The last of five indispensable albums Sonic Youth released in the late 1980s, they had the good sense to ensure their first release with major label muscle behind it was also their most accessible. Their well-documented tendency toward feedback-drenched experimentation is held in check and forced into coherent 3-minute song structures.
But this temporary embrace of rock n' roll conventions is solely on SY's terms and in no way smacks of a sell out (Goo is often unfairly labelled as bubblegum punk by elitist SY fans) yet in it's own way as adventurous and diverse any of its predecessors, the only constant being those expertly de-tuned guitars. Lyrically and musically all three of the band's songwriters are at the top of their game: Kim Gordon manages to simultaneously trash the mythologizing of dead musical icons and pay tribute to heroine Karen Carpenter on 'Tunic.' Whilst Thurston Moore displays his long term love of hardcore punk on the abrasive 'Mildred Pierce' and the often over looked Lee Ranaldo produces one of the finest songs on this or any Sonic Youth album in the form of 'Disappearer.'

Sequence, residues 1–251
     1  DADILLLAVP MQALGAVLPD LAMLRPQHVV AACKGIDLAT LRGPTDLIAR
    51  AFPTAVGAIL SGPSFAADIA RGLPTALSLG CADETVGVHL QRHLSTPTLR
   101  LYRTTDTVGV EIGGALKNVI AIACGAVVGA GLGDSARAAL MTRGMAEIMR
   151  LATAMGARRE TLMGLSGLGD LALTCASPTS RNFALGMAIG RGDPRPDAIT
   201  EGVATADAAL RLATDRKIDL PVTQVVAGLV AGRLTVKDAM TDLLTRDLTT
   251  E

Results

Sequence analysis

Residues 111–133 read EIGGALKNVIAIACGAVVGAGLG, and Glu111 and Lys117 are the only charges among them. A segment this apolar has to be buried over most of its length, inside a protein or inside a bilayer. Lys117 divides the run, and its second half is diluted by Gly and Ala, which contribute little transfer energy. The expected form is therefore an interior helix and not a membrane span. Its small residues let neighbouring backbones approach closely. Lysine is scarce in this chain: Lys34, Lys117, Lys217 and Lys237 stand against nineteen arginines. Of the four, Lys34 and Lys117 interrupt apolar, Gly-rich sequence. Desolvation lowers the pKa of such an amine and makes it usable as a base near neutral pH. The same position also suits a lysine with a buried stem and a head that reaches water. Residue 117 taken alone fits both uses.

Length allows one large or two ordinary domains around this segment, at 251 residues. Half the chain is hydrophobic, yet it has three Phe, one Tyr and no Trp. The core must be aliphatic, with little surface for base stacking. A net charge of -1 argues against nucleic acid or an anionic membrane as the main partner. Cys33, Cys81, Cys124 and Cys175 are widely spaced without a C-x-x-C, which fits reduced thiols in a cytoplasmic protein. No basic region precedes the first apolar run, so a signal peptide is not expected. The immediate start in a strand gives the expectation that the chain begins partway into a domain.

Like all great Sonic Youth albums, Goo manages to simultaneously give an immediate pure noise thrill, whilst ceaselessly pushing the boundary of popular music. By ceaselessly innovating Sonic Youth have changed the face of 'alternative' music. Almost every great band of the past decade is forever in their debt and Goo is the best place to begin finding out why
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Format: Audio CD